The True Value of Athletics


The True Value of Athletics... 

            According to NCAA statistics, roughly 3 to 7 out of every 100 high school athletes gets a chance to play sports on the collegiate level. Of those 3 to 7, only 2 will receive some type of athletic scholarship. Among college athletes, roughly 1-2 percent will ever play professional sports. This puts the odds of playing sports from high school to college to the pros at less than 0.5%.

            The vast majority of kids in our community are not playing sports to someday make a living. So why should they be playing sports at all?

            Sports teach our kids how to lead and how to follow. Great teams are filled with leaders and followers. Not everyone can be a quarterback or a captain, but the best teams are blessed with the perfect mix of both. Many talented groups have fallen to lesser talented teams.

            Athletics teach perspective and sportsmanship. Every great player faces failure. Games and seasons and life are filled with highs and lows. Teams that overcome keep their highs from getting too high and their lows from getting them down. Real winners do so with class and humility.  Real winners move on from a big loss and work harder for the next game.

            Sports teach our kids that there are events beyond our control. Life is not fair. Good kids get injured. Bad calls can result in a loss or sometimes a win. A lifetime of success has more to do with how you recover from those bad breaks than how many bad breaks you actually get.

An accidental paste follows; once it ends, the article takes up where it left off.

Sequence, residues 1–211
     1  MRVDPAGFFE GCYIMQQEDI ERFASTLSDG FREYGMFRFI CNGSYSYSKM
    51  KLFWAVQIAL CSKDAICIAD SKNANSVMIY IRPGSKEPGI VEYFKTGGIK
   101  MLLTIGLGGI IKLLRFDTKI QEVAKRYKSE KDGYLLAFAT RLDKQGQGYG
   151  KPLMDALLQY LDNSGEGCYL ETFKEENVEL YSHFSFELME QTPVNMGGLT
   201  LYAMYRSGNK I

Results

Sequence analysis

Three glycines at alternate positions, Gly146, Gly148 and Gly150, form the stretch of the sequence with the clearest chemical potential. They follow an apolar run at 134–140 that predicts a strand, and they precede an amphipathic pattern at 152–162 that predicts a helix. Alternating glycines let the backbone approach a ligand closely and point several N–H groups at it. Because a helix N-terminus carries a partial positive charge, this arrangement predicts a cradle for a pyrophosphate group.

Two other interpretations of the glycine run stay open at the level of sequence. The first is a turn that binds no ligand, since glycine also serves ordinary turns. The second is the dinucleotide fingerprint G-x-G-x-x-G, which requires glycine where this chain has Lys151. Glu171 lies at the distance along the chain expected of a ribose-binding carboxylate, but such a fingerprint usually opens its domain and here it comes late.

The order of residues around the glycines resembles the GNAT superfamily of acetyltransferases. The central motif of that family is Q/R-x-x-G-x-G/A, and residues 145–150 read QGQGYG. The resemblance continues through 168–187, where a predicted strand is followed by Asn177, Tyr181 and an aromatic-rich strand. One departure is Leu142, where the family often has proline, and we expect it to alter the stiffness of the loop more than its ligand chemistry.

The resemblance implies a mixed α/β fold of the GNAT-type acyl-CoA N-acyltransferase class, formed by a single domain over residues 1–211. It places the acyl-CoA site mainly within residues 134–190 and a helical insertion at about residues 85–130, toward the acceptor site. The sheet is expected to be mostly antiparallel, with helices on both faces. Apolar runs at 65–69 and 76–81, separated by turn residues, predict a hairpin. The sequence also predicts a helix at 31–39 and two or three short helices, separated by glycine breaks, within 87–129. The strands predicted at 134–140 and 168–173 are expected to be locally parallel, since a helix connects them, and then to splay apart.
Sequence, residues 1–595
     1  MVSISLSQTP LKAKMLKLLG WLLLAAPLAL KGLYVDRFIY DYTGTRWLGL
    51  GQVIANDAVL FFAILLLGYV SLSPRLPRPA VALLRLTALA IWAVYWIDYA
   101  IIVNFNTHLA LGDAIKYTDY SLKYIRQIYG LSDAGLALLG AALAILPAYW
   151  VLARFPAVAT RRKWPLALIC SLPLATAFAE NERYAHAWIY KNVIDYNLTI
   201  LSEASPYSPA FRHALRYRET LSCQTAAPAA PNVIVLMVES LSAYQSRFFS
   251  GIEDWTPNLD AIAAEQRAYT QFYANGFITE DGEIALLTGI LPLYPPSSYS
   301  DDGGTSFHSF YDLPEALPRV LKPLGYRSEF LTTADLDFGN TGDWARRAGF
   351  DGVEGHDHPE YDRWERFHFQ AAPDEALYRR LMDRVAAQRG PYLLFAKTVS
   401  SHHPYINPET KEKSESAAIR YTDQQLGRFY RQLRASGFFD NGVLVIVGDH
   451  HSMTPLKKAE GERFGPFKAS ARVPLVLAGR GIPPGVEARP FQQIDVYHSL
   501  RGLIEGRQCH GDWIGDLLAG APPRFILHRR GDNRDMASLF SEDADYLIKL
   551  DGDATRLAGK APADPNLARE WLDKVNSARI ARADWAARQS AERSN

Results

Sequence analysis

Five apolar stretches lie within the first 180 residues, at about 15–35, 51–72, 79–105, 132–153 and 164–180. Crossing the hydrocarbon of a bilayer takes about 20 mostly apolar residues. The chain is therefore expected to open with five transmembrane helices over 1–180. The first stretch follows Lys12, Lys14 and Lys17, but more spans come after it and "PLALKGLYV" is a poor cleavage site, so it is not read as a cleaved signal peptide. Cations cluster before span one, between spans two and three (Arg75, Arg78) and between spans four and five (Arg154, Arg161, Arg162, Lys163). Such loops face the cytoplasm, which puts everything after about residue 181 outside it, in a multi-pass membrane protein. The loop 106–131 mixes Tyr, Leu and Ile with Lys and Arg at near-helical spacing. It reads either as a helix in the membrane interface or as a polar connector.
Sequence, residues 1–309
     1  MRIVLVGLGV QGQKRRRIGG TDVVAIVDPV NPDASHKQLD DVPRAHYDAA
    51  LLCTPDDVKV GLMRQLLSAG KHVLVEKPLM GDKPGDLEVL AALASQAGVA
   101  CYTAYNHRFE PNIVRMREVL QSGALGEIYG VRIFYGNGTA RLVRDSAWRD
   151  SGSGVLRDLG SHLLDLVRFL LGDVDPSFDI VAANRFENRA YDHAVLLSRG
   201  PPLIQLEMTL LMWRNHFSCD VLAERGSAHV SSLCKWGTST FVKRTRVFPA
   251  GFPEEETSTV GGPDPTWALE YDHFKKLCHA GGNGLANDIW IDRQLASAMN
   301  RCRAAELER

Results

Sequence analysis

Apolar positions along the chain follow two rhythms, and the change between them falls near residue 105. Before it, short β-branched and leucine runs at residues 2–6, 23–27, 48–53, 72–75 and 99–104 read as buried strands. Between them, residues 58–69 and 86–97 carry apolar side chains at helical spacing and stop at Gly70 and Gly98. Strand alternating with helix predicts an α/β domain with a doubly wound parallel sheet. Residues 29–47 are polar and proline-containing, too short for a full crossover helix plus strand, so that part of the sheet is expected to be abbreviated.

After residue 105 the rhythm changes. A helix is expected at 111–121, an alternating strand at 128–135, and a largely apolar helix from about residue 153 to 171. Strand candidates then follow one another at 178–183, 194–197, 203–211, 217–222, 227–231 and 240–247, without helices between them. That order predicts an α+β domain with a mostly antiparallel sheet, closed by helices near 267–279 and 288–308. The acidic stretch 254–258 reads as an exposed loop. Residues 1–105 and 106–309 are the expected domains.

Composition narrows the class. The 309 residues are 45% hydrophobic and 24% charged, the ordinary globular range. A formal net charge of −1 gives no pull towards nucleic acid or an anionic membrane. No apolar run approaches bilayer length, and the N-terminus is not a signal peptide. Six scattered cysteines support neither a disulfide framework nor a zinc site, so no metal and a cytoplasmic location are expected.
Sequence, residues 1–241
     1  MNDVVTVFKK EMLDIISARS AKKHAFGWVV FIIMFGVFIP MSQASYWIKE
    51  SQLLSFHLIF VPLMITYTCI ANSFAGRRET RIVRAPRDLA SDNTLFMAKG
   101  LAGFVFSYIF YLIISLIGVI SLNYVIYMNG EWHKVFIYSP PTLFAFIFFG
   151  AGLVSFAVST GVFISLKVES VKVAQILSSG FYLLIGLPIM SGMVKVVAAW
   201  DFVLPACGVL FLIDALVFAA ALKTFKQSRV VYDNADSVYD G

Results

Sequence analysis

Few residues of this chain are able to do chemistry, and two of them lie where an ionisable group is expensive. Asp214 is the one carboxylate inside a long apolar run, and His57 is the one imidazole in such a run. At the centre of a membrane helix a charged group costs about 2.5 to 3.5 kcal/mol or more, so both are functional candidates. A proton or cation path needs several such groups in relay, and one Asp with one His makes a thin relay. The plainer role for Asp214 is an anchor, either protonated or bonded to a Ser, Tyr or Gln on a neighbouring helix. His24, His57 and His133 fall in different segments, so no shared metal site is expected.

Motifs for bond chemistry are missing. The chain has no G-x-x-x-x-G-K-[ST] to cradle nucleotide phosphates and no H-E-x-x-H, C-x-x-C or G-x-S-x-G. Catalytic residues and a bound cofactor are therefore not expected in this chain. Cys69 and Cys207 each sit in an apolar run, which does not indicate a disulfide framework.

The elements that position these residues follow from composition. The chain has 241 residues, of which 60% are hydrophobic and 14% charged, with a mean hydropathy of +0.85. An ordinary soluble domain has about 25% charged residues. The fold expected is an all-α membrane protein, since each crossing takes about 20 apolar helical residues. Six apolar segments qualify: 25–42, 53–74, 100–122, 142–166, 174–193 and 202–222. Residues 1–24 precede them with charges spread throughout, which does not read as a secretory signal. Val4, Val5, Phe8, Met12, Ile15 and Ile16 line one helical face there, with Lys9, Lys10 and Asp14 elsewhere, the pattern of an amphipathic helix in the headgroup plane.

Sports teach both discipline and sacrifice. Practice is hard and never as fun as competition. It takes discipline to make early morning workouts and summer conditioning. Life is about choices and athletes often chose to sacrifice their leisure time to get better. Being a team player is often a personal sacrifice.

            As a parent or fan, it can sometimes be easy to lose perspective. Positivity is difficult in the wake of defeat. We all want our kids to win and to succeed every time they get up to bat or serve a volleyball. Who doesn’t want state championships and parades around the courthouse square?

            Unfortunately, every Friday night, half the teams lose. State championships are few and far between. Regardless the outcome, we should be proud of our kids, our coaches, our administrators, our parents, our teachers, and all of the volunteers who help our kids to grow through sports. They work hard and certainly they all want to win. On a good day, they will.  On a bad day, they deserve our support even more.

            Maybe it’s really our job to keep their lows from getting too low.

            Until next week, sting ‘em.

-Please send comments to Drs. Parrish at


wise, kind, practical reality
By Stan Venable
October 01, 2014
I read your commentary on the lessons in young life experienced through athletics, following a trail that started with a moron's pontifical rant on Llano Newswire. I only hope others read your thoughts. I've seen enough of your writings to understand you're thoughtful and genuine, and this is no exception. I won't presume this came from a simple interest in countering a prejudice and shortsightedness founded in ignorance; rather, a support of a lifelong education in character. Thanks...